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Gail Willumsen
Narrated By:
Jay O. Sanders
Writing Credits:
Gail Willumsen

This riveting documentary from the filmmakers at NOVA seeks to uncover the mysterious origins of the massive stone structure in Salisbury Plain, England known as Stonehenge. Dating back 5000 years to the late stone age, the purposes of the structure and the way it was constructed have spurred continual debate, but in the program, scientists and archaeologists pose theories about how and why it came to be.

Rated NR

Aspect Ratio: 1.78:1/16X9
English Dolby Stereo 2.0
Supplements Subtitles:

Runtime: 54 min.
Price: $24.95
Release Date: 11/9/2010

• None


Panasonic 50" TH-50PZ77U 1080p Plasma Monitor; Sony STR-DG1200 7.1 Channel Receiver; Panasonic DMP-BD60K Blu-Ray Player using HDMI outputs; Michael Green Revolution Cinema 6i Speakers (all five); Kenwood 1050SW 150-watt Subwoofer.


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Secrets Of Stonehenge (NOVA) (2010)

Reviewed by Colin Jacobson (January 14, 2011)

“In ancient times...
Hundreds of years before the dawn of history
Lived a strange race of people: the Druids.”

“No one knows who they were or what they were doing
But their legacy remains
Hewn into the living rock... of Stonehenge”.

So sayeth the Tap, and who am I to argue? Despite Mr. Tufnel’s claims that no one knows nuttin’ about the monument, a 2010 documentary that looks at the famous site. Narrated by actor Jay O. Sanders, we get comments from University of Sheffield’s Mike Parker Pearson, British Archaeology’s Mike Pitts, Wessex Archaeology’s Jacqueline McKinley, University of Sheffield’s Christie Cox, University of Manchester’s Julian Thomas, Jim Rylatt and Colin Richards, University of Exeter’s Andrew Young and Bruce Bradley, University of Leicester’s Clive Ruggles, and archaeologist Ramilisonina.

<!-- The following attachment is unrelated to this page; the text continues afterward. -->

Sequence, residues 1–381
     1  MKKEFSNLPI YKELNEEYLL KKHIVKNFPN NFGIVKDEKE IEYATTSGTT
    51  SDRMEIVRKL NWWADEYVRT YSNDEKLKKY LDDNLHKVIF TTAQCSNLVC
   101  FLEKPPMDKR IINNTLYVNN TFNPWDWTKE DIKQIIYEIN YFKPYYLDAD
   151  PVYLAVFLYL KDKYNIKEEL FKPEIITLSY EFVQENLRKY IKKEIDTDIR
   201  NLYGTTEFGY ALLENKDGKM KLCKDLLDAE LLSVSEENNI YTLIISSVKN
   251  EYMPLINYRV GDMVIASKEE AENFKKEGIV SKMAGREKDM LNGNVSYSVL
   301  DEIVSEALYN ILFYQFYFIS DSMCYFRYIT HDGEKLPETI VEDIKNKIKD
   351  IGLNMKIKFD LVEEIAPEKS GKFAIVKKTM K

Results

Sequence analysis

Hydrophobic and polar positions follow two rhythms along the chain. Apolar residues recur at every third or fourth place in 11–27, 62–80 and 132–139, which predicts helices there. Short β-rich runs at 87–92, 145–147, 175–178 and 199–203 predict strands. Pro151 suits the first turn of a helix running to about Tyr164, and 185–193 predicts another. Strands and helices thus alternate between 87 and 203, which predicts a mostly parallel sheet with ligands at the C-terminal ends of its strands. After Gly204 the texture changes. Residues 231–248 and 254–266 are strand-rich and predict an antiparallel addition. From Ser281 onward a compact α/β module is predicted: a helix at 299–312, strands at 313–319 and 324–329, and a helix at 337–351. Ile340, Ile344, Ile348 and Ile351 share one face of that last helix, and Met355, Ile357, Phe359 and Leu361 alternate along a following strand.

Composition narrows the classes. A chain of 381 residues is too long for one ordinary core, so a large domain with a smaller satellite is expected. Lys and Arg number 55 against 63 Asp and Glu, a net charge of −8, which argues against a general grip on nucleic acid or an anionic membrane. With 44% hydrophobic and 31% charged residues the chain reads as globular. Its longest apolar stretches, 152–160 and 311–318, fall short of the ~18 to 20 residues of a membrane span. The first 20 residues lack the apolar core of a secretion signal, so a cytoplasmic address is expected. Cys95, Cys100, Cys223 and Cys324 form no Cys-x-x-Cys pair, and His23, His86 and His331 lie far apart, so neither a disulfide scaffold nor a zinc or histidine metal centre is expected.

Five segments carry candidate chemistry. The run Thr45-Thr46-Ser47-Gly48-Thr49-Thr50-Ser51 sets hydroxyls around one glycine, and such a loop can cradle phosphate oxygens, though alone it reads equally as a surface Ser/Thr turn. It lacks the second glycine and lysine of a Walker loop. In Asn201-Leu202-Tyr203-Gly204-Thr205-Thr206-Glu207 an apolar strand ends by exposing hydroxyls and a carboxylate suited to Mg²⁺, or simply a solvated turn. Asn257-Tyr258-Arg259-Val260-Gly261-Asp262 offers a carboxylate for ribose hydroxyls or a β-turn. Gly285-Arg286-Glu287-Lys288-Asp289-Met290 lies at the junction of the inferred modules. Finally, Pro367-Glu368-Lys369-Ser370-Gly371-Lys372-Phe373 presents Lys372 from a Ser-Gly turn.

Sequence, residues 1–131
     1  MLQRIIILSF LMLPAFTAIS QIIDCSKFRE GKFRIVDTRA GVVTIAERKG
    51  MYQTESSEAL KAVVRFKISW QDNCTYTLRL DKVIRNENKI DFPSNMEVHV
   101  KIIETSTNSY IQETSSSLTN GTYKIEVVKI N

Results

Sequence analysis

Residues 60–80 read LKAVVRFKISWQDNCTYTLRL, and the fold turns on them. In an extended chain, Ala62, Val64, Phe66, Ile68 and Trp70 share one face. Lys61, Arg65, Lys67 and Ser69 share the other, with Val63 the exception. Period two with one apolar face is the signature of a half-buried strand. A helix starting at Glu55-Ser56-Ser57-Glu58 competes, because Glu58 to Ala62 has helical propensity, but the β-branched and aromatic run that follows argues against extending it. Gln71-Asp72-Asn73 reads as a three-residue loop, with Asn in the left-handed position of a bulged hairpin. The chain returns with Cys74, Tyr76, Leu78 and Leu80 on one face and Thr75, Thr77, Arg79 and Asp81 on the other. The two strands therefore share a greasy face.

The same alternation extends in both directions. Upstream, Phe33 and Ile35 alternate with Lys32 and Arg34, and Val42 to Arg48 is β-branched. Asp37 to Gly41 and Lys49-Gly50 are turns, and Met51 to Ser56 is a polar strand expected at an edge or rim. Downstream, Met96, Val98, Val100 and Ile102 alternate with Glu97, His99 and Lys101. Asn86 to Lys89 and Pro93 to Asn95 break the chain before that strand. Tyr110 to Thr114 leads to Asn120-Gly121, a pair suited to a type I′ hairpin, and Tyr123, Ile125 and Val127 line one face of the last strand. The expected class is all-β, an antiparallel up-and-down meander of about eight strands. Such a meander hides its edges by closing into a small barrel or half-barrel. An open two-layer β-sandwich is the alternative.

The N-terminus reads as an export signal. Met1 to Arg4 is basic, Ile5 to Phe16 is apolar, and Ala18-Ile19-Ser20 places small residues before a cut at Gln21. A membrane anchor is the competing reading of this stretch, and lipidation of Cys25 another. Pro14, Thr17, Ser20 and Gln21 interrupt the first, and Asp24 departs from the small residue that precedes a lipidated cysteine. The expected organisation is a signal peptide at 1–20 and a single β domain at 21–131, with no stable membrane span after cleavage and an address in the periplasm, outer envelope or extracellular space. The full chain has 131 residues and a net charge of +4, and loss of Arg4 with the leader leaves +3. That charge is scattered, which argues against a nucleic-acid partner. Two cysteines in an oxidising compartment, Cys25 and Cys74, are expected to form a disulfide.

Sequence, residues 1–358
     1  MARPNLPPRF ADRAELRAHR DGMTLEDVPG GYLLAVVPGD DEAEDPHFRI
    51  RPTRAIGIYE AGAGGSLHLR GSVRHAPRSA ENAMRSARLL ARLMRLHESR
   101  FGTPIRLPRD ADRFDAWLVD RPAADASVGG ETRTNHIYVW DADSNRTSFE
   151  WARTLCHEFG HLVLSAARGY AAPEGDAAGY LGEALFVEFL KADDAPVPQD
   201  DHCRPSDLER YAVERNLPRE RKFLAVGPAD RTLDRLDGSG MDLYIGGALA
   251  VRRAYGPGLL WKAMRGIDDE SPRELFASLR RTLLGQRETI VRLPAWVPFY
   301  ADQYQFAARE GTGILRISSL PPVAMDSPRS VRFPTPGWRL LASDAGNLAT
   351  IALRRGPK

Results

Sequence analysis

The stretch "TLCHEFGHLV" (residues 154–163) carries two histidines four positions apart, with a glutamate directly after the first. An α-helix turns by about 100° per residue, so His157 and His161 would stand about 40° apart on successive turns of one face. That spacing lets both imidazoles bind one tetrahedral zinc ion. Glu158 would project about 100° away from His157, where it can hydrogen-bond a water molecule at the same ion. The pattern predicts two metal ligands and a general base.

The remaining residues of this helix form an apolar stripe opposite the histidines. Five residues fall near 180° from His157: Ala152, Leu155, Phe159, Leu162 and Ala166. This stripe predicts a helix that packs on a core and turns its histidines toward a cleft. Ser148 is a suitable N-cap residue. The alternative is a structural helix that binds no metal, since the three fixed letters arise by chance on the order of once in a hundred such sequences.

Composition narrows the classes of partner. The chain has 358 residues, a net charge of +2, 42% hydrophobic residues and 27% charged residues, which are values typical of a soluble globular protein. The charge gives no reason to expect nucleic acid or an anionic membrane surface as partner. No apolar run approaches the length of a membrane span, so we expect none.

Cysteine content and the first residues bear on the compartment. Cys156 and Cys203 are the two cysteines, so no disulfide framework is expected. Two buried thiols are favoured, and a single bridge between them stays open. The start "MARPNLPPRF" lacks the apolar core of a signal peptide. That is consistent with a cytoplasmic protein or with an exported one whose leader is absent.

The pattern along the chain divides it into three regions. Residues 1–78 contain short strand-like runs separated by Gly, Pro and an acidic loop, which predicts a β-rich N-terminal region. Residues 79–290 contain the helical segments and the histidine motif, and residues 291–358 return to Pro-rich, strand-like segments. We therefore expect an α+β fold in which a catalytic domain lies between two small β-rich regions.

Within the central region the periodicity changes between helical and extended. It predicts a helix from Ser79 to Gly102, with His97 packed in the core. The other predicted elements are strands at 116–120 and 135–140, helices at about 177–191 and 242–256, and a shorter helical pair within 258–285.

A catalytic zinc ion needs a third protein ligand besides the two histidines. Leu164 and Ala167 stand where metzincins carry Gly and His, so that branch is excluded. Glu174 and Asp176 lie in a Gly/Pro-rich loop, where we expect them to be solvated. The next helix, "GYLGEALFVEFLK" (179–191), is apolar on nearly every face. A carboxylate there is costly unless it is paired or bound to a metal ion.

Across the show, we see a mix of elements. In addition to the interview snippets, we watch a lot of footage shot at Stonehenge itself, most of which depicts research there. We also see historical reenactments and computer simulations to offer a glimpse of Stonehenge in its original state and aspects of the society that built it.

While the title may promise Secrets of Stonehenge, the show really delivers The Search for Secrets of Stonehenge. This means we see a lot of the archaelogists’ attempts to discover new info about the site but actual revelations remain scarce. Though we get a smattering of theories, we don’t hear much that goes into greater depth.

Which makes the program a bit of a disappointment. I guess I expected it to offer a nice history of the site – at least based on what we know – but the show doesn’t delve into that side of things in a particularly well. Oh, it gives us basics, but it doesn’t develop these with much gusto; it seems a lot more interested in shots of the current research than anything else.

I can’t fault the program terribly for that decision, as it’s a valid one. However, I think the title Secrets of Stonehenge promises a stronger emphasis on those actual “secrets” and less on the gruntwork required to discover them. While I appreciate the effort the archaeologists invest in their research, I can’t say I find it fascinating to watch them do so.